To ensure its done 100% they probably need to be 100% sure of the metallurgy of what they are welding...and need to do a weld procedure for it. Where they do a sample which gets sent of for x-raying to check for weld penetration and mechanical (tensile) tests. It all costs money. Once they have done it its probably a question of then x-raing the atual weld.

Thats being paranoid and checking everything to ensure the weld will be ok.

Is that the mount for the bellhousing?

Id say its possible but ring a few boiler makers/engine builders and get the opinion from ppl doing the work. I say its cheaper to get a new block

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Noting that getting a new block is easily ~$8k (block, internals, fitting, tuning).

well a second hand RB26 block is not that much $. then it's just a matter of re-assembley with your bits. i seem to remember the crank was damaged a bit too? or did I dream that part. lol.

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  • 4 weeks later...
I cant see no big deal with fixing that thread on the block....Its not sending man to the moon...I would be welding it with cast rods

Dunno if you have solve this dilemma but for what its worth ($5500) I'm pretty sure Horsepowerinabox was selling an RB26 reconned short block $5500 assembled, readit today actually.

Price:

$5,500.00

inc GST within Australia

QTY:

RB26 Short Motor machined and ready for assembly

This is a fresh RB26 short motor with all the gear. It is machined and ready for assembly. Price includes assembly, and shipping within Australia is $250.

Parts included;

RB26 Block

- stress relieved

- Hot Tanked

- line honed for ARP Studs

- Bore and Hone

- Decked

Crank reground to specified clearance for oil clearances

GTR Rods

- Resized big and small ends

- ARP Rod Bolts

Venolia Pistons

N1 Rings

N1 Bearings rod and main

N1 Harmonic Balancer

Rotating assembly balanced

Assembled

:(

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Welding is an art, it takes time and alot of practice, then if you haven't used it for a while, its like jumping back on a bike, you can do it, but you need to keep going with it to get good results.

Tigging is my fav. I have been doing it for years and even though i'm not artistic, i treat it like art. The better it looks, 9 out of 10 times the better the weld. I don't see the need in purging ally, never bothered as most of the time you need a bit of a gap and the gas covers it anyway. I purge steel(if its critical) and stainless as it helps to draw the weld through, but not excessivly. But for most things on a car, there's no need.

Mig is good once set up correctly. Never bother with that "gasless" mig wire, its shit and never does a good job unless you use lots of heat and the burn the flux out. Fork out the extra money and get your self a bottle of gas. Best stuff for ALLY is straight argon, For steel and stainless, best is "argoshield", the bottle colour is peacock blue body, grey shoulder and black neck, argon/carbon dioxide/oxygen. I was taught and teach to do little circles. It aggitates the pool and your less likley to get defects(also use for stick welding) and it tends to flaten the weld so you get better wash in to the parent metal.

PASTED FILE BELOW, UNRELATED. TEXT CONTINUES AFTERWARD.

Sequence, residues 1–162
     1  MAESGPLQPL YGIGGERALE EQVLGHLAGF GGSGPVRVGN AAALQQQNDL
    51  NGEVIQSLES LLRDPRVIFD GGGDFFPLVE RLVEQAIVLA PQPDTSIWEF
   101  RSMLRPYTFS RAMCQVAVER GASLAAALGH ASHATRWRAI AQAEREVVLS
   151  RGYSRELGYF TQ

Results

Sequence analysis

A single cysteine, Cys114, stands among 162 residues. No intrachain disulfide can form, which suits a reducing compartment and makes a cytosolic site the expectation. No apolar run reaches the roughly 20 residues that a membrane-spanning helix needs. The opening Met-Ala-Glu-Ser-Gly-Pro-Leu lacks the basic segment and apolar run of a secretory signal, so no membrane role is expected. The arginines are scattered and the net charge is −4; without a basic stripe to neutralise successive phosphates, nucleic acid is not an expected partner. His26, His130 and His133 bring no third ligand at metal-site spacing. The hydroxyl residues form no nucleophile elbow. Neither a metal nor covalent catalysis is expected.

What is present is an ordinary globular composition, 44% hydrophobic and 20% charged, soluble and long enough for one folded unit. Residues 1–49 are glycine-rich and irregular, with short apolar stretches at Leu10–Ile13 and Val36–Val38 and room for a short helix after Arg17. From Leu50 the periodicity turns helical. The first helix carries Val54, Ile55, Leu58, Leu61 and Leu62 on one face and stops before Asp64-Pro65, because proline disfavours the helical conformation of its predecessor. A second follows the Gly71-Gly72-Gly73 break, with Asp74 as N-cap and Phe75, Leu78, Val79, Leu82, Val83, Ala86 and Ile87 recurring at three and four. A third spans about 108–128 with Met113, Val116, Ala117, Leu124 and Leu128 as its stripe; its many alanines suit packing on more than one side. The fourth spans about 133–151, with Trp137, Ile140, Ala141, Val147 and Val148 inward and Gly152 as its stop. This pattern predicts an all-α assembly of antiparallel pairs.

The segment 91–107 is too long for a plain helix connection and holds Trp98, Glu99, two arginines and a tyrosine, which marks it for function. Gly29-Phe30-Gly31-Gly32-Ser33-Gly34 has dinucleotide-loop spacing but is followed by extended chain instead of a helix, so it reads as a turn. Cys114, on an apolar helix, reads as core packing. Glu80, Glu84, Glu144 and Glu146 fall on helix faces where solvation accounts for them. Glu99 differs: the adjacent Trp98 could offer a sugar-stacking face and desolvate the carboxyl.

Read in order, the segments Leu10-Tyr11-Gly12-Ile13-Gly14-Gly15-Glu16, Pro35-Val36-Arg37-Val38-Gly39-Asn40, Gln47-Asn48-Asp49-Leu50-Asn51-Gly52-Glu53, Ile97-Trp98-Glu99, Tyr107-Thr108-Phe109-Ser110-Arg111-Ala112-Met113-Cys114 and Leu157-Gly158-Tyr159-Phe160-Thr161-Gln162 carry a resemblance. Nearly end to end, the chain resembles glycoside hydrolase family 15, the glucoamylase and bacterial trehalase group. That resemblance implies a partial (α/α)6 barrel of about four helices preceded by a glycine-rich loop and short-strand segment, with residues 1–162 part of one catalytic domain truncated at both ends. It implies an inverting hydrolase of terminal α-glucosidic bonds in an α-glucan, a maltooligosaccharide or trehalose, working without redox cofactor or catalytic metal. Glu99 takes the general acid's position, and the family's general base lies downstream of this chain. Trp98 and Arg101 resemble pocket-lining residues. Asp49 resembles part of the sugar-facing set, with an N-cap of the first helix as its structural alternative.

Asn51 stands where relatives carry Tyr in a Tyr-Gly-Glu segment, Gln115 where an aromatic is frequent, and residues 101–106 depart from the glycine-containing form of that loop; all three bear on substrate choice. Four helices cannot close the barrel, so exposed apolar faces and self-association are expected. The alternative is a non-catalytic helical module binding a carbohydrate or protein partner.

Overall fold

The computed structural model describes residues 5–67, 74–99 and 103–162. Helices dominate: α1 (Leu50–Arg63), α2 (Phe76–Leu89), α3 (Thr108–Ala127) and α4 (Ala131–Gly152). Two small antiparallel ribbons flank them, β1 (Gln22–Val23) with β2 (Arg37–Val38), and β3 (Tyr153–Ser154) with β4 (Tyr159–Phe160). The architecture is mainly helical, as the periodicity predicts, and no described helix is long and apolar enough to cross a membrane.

Ally mig is really quick, unnaturally quick. Not genurally used for thin stuff as you need heaps of heat, but fairly thick stuff. You have to spray it in, not like steel where you use globular or short dip method.

Stick is easy, piece of piss. Get a stick(generally start off with GP rods, 4113's) some decent heat and away you go.

Just remember to give about half the thickness of the rod inc flux(say for 2.4, inc flux around 4mm, bout 2mm) off the job and try and maintain that. Yes you will need to feed somewhat, but you will get it. Always pull away, never push unless Vert ups. Rod angle about 20-30deg off the bottom and sort of centrally so you can spread the heat evenly.

Hmmm i could go on forever, but like other people have said, go and do it in TAFE. I'm hopefully going to be teaching TAFE at nights in a few weeks, so if your in Syd, might see ya.

Oh btw, Cast welding sucks. Yah it works, but to weld something like a Block, your kidding. The whole job needs to be heated(generally in a furnace) to a good cherry red colour, welded with depending what compostition the cast is, then cooled very very slowly so you don't get localised hard spots as you generally get carbides(excessive carbon) just next to the weld, so could crack right next to where it was welded. You can weld cast sucessfully with GP rods, but that is generally for low grade and not highly stressed casts.

I have welded turbine housings, that you ahve to be careful of as it is generally high nickel iron. Once again lots of heat, the right, and a damn good weld and it worked ok.

Hope those are some useful tips.

Robb